It’s worth noting that you’ll need to get an adapter if you wish to use the Kinect on either the S or X version of the Xbox One because Microsoft has largely dropped support for Kinect in recent years. But, we’ll talk more about the cameras in the next section.
We could give Playstation a win for an upgradeable internal hard drive, or Xbox for 2 HDMI ports, but neither are a big deal. Tie!
PS4 vs Xbox One: Camera and Controllers
When first released, the cameras were an essential part of both of these consoles. In fact, Microsoft went so far as forcing you to have the Kinect bundled with your original Xbox One. However, after the motion gaming craze whimpered away with the Wii, the market all but dried up until the recent popularity of the PlayStation VR.
To be fair, Microsoft’s Kinect 2.0 was promising. With the ability to track and display up to 6 skeletons at once; pick up 25 joints, thumbs, facial expressions, and heart rates with fair accuracy; and all with a 57° horizontal and 43° vertical field of view. But, even with all these great features, there just weren’t any games.
Sony didn’t push the PS4’s camera nearly as hard, but that is probably because it was inferior, although the PlayStation Eye camera does have two 1280×800 pixel cameras with an 85° field of view. Similarly, the camera saw little success.
However, with the release of Playstation VR, the Playstation Eye received a second lease on life. While there aren’t a ton of VR games, this is a worthwhile pursuit if you’re interested in the promise of VR technology. Oh, and you can play Just Dance on it.
Playstation wins here. Sure, their camera sucks, but at least you can play VR games with it.
As far as ergonomics and comfort are concerned, both the Xbox Elite Wireless controller and the PS4’s DualShock 4 controller fit snugly in your hands. Both received nice upgrades over their previous generation’s counterparts, but it is especially noteworthy that Sony finally gave their Dualshock an upgrade. Pair this with a comfortable console gaming chair and you can play games for hours on end.
The DualShock 4 is inspired by the flaws of its ancestors. The grips are textured, and now have a more natural fit in your hand. The top of the analog sticks are also now concave in the middle so that your fingers don’t slip off. Amongst other small changes, this makes the controller more… usable for lack of a better word.
Moreover, it also has a new wired connectivity mode that eliminates input lag commonly associated with wireless Bluetooth connections. It also has a mono speaker that will sometimes play in-game sound effects and a touchpad. However, both of these are under utilized gimmicks, except in rare instances, like Tearaway.
However, it is worth noting that a lot of people have complained about their DualShock 4’s falling apart. This seems to have been worse around release, so it is possible Sony started making better controllers, but it is worth noting, especially if you are rough on your controllers.
The default Xbox Wireless controller doesn’t really have features that make it stand out beside it being heavier and bigger than the DualShock 4. You have a, offset analog stick that may work for you but not for others, a matte black plastic that feels lightly textured but feels nice nonetheless.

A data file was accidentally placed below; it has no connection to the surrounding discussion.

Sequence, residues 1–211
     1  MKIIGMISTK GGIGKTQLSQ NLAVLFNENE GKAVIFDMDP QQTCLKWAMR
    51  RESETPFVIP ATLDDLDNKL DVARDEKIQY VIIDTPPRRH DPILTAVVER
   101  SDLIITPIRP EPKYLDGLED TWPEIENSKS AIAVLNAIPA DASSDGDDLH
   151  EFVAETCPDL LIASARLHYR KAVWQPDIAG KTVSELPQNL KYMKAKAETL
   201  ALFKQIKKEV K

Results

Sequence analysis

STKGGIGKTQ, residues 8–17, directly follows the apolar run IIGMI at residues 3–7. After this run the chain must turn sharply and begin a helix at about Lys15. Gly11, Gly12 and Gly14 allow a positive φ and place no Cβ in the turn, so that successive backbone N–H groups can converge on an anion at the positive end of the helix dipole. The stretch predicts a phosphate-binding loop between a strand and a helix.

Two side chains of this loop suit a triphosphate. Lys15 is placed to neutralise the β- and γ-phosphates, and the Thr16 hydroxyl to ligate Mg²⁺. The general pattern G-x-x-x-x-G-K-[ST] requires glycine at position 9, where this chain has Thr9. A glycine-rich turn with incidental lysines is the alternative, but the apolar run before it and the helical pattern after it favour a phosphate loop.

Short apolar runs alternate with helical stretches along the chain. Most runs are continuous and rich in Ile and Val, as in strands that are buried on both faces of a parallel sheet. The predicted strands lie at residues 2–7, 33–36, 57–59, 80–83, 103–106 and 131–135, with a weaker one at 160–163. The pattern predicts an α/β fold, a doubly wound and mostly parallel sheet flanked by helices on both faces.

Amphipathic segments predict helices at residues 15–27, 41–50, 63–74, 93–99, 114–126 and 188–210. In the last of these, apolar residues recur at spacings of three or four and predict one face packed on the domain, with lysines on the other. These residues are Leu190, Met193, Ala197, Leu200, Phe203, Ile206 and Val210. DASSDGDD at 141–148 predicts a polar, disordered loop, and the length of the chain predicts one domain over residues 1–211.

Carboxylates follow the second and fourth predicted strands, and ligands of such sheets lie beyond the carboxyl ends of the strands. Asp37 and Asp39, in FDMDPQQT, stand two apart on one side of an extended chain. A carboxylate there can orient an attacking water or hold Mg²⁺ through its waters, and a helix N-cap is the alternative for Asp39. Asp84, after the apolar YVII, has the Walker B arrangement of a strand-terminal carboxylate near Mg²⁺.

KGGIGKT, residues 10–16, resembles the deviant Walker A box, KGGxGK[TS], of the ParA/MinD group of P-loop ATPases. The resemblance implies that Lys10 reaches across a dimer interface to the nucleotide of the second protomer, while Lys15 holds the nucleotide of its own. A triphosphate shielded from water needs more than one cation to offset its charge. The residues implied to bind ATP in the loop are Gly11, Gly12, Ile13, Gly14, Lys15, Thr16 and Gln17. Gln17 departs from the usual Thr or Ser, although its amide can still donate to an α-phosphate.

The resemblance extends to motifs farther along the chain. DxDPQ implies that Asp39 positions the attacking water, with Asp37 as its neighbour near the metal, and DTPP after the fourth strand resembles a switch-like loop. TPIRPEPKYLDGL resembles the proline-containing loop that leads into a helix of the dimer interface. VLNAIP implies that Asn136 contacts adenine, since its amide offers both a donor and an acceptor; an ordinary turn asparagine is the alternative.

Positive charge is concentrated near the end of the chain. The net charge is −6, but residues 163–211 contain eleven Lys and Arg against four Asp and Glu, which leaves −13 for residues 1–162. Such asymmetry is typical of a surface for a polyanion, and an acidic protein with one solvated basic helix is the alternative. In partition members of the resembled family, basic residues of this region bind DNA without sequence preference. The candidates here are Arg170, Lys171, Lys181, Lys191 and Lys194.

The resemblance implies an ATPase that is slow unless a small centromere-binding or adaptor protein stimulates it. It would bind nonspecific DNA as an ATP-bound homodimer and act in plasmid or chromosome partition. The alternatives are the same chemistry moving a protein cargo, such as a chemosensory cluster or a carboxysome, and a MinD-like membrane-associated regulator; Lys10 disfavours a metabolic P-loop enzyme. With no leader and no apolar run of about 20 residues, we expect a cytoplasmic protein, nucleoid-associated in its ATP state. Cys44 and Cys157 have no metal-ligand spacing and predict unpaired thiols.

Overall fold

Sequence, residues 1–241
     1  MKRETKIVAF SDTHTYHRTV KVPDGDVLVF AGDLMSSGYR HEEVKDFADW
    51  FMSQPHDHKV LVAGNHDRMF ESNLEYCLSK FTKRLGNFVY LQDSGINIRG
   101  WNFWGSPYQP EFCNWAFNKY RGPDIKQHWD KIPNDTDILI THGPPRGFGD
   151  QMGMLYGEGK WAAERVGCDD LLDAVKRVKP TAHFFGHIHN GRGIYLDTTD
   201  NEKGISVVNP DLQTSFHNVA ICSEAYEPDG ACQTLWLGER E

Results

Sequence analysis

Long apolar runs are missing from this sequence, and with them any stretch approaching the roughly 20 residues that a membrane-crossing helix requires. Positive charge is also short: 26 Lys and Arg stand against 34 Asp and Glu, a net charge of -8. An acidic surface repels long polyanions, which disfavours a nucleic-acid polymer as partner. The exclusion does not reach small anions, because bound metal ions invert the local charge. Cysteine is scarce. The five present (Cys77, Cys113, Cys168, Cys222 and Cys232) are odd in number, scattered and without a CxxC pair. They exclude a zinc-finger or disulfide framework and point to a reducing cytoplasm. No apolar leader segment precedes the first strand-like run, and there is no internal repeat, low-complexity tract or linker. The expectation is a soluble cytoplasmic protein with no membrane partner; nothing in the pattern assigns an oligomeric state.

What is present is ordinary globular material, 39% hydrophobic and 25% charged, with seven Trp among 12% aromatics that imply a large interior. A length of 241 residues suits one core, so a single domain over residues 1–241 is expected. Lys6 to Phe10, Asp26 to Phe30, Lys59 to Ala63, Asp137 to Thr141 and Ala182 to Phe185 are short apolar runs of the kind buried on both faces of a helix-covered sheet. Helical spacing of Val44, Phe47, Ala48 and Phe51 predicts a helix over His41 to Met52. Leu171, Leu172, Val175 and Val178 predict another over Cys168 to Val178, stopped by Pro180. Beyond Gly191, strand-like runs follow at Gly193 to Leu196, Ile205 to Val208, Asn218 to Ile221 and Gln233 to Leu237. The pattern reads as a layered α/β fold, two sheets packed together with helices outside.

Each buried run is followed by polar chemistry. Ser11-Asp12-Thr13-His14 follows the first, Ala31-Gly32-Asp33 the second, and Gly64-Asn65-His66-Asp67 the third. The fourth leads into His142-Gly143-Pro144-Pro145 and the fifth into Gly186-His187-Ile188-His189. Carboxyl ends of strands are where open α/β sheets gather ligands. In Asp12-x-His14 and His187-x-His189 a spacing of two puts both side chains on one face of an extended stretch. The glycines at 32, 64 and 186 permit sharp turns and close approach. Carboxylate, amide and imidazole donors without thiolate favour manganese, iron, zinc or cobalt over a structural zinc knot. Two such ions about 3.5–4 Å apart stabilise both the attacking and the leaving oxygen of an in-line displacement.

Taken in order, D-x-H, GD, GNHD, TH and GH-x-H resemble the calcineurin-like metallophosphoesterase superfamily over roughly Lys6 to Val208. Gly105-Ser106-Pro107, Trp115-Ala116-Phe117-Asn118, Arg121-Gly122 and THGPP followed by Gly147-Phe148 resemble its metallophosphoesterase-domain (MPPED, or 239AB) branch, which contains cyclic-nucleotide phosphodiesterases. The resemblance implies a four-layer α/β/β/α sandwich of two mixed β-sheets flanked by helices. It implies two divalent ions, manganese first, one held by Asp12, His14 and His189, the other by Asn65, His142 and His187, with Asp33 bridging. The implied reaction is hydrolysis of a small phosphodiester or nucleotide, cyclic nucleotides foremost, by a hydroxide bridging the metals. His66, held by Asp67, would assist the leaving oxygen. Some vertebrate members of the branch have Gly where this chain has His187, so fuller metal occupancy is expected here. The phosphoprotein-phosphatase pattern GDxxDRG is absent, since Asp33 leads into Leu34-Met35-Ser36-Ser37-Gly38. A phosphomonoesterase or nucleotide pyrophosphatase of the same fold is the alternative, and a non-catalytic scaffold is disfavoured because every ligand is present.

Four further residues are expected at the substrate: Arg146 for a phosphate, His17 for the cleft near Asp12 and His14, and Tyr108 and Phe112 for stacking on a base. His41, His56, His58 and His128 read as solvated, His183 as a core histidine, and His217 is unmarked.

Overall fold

Knowing that there are over 1 billion gamers with disabilities, Microsoft also took the initiative to design the Xbox Adaptive Controller. It’s primarily intended to aid people with limited mobility capabilities.
This controller has a very unique design that’s very similar to a double induction cooktop. But don’t let the looks fool you because it also comes with 19 3.5mm ports that you would find on a regular Xbox controller. This allows people with limited mobility to map keys according to their preferred setup. It also has 2 USB ports on either side and bluetooth functionalities. On top of that, this has a battery that’s chargeable up to 25 hours.
Looking at the Xbox Elite Wireless controller, this has features that are designed for pro competitive gamers such as the included four backpedals, the analog sticks that you can swap, the left and right shoulder buttons, as well as the improved D-pads.
One thing that sets them apart is their batteries.
The Xbox Elite Wireless controller still relies on AA batteries while the DualShock 4 has a rechargeable battery. Oh and Microsoft doesn’t recommend rechargeable batteries (although they work fine… most of the time). But since the DualShock 4 has vibration motors on top of having audio speakers and lights– which Sony stubbornly refuses to let players turn off even after 5 years of complaining– it can die relatively fast.
Consumers can also immerse deeper in the game just by wearing a quality gaming headset for Xbox and PS4, especially now that you can find reliable headsets under $50.
While it’s possible to add a third party battery, this would void the warranty. Another option is buying a long Micro USB cable.
This is a really hard one. Microsoft obviously supports more diverse options with their Elite and Adaptive controllers. But you can get better, custom controllers for less than the Elite’s $150 price tag. And opening up the 3rd party market puts Playstation on equal footing.
The Adaptive controller is a long-needed solution to a wide range of disabilities and if you or a loved one suffer from a disability, then it will be hard to beat this. This could make up your mind before you even start. But for everyone else, not needing to spend potentially hundreds of extra dollars on batteries per year is nice too.